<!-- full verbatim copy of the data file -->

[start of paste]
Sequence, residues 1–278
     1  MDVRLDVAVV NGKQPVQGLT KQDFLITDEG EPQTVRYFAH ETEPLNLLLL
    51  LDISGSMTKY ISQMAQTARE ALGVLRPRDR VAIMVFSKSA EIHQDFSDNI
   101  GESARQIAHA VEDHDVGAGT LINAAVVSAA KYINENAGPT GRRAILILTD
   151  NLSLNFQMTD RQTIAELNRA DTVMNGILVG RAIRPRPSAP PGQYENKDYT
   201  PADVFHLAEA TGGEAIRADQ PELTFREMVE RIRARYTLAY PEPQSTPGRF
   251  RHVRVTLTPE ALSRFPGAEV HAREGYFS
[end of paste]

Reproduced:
Sequence, residues 1–278
     1  MDVRLDVAVV NGKQPVQGLT KQDFLITDEG EPQTVRYFAH ETEPLNLLLL
    51  LDISGSMTKY ISQMAQTARE ALGVLRPRDR VAIMVFSKSA EIHQDFSDNI
   101  GESARQIAHA VEDHDVGAGT LINAAVVSAA KYINENAGPT GRRAILILTD
   151  NLSLNFQMTD RQTIAELNRA DTVMNGILVG RAIRPRPSAP PGQYENKDYT
   201  PADVFHLAEA TGGEAIRADQ PELTFREMVE RIRARYTLAY PEPQSTPGRF
   251  RHVRVTLTPE ALSRFPGAEV HAREGYFS